When in the 1930s Sergei Prokofiev decided to approach William Shakespeare's Romeo and Juliet, he was already an experienced composer with half a dozen ballets, several operas, and a few symphonies to his name. Yet it was the Romeo and Juliet ballet that positioned him in the major league, alongside Tchaikovsky, Ravel and Stravinsky.
Shakespeare's dramatic genius has inspired writers, painters and composers. Romeo and Juliet is, no doubt, one of the Bard's most illustrious works.
The upcoming performances of the famed ballet coincide with the world's celebrations of the 450th anniversary of Shakespeare's birth. The ballet returns to the Cairo Opera House Main Hall after four years of absence and will be performed on five evenings: 30 May, followed by 1, 2, 3 and 4 June.
Directed by the late Abdel-Moneim Kamel, the ballet's choreography is based on Lavrosky, Cranco and MacMillan and is now revived by artistic director Erminia Kamel.
"The version of Romeo and Juliet that the Cairo Opera Ballet Company presents manages to combine the many classical ballet elements with a profound human touch," Anja Ahcin, first dancer and Juliet on three evenings, comments to Ahram Online. "Dr Abdel-Moneim Kamel managed to fuse what is the best from all the choreographers and embraced it in his own vision."
Ahcin explains that the first act carries a lot of classical Russian ballet elements. In the second and third acts, the movements become softer and as such support the profound emotions emerging from the work and the music. She goes on to describe Prokofiev's music as a painting that helps the choreographer in creating living images.
Ahcin, who underwent her training in Serbia, came to Egypt in 2006. Though at this time she was already an award winning ballet dancer in her home country, placed third in an important Rome ballet competition and recipient of a scholarship to continue her ballet studies in Germany, she preferred to step on the stage and "get some practical experience."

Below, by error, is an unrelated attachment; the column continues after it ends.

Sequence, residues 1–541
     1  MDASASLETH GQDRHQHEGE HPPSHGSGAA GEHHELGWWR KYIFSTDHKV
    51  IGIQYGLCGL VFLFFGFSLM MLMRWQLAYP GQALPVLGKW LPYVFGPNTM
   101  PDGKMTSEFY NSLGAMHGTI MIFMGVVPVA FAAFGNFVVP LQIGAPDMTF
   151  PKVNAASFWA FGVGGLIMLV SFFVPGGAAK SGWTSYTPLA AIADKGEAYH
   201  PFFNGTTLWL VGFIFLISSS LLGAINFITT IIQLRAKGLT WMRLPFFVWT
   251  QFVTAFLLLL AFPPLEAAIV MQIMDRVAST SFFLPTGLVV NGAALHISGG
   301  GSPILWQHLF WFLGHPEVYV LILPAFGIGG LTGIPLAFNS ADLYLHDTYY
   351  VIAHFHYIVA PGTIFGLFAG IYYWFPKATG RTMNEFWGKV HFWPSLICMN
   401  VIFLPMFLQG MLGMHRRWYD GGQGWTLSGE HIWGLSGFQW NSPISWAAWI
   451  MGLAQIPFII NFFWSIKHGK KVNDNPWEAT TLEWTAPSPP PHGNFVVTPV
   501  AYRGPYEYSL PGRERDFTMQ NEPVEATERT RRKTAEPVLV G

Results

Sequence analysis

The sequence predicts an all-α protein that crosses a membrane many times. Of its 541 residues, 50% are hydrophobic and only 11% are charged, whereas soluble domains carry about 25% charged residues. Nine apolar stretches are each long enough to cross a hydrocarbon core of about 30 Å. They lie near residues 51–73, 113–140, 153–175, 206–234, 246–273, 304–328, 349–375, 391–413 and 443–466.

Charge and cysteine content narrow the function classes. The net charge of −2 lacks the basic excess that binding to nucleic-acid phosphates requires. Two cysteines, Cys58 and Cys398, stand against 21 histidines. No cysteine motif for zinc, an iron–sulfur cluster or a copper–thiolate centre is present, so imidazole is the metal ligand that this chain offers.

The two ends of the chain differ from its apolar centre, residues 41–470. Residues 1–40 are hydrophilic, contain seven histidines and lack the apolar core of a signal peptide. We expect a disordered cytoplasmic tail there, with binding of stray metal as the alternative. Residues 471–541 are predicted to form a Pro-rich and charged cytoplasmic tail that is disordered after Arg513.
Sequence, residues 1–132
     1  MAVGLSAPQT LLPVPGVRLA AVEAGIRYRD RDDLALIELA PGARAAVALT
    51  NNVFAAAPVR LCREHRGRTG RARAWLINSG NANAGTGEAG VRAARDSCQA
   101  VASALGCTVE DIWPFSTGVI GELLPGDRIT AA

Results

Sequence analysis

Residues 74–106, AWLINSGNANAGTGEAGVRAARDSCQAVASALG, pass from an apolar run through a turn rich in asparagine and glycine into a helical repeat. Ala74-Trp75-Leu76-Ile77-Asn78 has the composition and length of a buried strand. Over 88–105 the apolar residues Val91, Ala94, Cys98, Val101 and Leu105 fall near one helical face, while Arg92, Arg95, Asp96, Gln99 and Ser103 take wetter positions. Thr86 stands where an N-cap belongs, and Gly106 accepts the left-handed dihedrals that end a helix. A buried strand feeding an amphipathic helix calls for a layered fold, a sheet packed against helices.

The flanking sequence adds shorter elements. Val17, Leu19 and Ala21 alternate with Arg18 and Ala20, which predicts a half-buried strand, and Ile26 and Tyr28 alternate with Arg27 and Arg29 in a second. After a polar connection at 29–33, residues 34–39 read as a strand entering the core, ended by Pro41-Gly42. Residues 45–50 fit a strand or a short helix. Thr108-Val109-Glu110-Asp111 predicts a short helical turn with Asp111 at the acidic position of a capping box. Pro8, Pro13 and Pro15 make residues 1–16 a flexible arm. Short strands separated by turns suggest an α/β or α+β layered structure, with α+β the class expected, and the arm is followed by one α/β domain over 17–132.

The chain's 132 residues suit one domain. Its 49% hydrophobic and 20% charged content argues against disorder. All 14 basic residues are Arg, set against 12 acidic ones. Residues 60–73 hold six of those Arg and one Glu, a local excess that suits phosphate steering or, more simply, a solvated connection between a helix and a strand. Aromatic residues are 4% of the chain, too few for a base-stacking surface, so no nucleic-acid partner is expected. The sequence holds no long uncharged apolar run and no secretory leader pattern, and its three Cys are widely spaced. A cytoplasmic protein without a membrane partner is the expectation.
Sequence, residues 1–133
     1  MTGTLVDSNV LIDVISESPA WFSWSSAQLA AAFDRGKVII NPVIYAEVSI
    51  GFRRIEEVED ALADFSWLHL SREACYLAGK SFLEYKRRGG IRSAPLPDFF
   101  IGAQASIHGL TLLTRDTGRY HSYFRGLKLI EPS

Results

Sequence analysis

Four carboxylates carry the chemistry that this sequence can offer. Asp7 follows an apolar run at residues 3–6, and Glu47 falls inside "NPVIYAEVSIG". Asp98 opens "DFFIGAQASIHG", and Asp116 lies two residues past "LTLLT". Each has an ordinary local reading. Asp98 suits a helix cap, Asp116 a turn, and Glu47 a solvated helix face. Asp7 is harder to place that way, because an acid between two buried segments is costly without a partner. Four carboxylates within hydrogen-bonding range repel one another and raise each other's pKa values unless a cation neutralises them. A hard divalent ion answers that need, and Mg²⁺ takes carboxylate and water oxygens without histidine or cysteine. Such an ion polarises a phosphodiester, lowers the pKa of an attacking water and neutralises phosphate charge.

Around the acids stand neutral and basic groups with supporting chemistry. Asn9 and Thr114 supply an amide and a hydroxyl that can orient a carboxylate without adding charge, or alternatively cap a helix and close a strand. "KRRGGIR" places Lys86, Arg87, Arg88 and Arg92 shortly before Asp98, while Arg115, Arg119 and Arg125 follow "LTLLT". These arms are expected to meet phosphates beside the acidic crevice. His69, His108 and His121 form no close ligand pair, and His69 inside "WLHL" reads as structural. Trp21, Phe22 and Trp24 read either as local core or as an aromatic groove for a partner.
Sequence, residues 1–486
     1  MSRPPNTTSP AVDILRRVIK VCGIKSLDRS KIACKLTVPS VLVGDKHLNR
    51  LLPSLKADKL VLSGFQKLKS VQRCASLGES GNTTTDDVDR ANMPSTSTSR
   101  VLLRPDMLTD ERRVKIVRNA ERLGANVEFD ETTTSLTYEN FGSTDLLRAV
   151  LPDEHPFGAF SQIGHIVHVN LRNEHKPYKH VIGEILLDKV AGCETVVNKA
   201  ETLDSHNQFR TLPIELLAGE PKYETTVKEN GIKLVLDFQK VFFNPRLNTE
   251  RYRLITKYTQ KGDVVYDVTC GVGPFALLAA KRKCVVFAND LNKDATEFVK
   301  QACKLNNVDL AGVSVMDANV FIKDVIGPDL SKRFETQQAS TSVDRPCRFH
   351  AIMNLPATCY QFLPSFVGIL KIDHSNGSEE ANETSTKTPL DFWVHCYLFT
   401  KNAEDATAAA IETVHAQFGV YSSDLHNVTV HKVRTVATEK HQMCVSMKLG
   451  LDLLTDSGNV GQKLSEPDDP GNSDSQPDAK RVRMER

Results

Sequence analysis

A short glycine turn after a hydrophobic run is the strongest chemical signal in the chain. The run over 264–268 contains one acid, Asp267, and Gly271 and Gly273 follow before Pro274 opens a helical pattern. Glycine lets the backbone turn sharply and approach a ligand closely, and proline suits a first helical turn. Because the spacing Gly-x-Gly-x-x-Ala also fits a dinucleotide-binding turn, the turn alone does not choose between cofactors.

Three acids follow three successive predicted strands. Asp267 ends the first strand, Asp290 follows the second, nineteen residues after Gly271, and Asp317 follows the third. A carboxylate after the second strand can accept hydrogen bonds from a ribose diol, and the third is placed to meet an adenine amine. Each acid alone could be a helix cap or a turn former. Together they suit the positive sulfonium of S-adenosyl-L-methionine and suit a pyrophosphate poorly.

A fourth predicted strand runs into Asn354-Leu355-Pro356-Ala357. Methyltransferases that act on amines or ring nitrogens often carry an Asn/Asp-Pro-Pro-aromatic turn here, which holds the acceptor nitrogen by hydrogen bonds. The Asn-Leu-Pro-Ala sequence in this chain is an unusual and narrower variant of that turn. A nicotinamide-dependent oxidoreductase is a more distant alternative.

"I always wanted to live on the stage, not just in the rehearsal rooms. I don’t regret my decision. I gained a different kind of knowledge and experience. The rehearsal hall creates technically perfect dancers; the stage requires some charisma," Ahcin explains.
Ahcin recalls how in 2006 she joined the Cairo Opera Ballet Company's corps de ballet and within a few months she started taking solo parts. Soon after, in 2007, she was given her first big role — that of Juliet.
"Juliet holds a special place in my heart, of course partially because it was my first big role. I was lucky that Erminia Kamel gave me this opportunity many years back."
Enchanted by music and choreography, every time Ahcin dances Juliet, she relives the experience. She tells how she keeps reading and re-reading Shakespeare's text, going deeper into the character until she becomes Juliet on the stage, acting like her and thinking with her words. Ahcin finds a lot of depth in every verse of the Shakespearean play; she follows the many transformations of the protagonist and looks into her internal struggles.
After her debut as Juliet, Ahcin became the Cairo Opera Ballet Company's first dancer and settled in Egypt. Over the past few years, she danced Kitri in Don Quixote, Odette in Swan Lake, Phrygia in Spartacus, among dozens of other leading roles.
Since 2008, Ahcin's only partner is Ahmed Yehia, also first dancer in the same company and Romeo in Prokofiev's ballet. On a professional level, it didn’t take them long to turn into one of the iconic pairs sought after by many ballet aficionados. In time, the dreamy Shakespearean lovers took their affair beyond the stage: the couple tied the knot in 2012.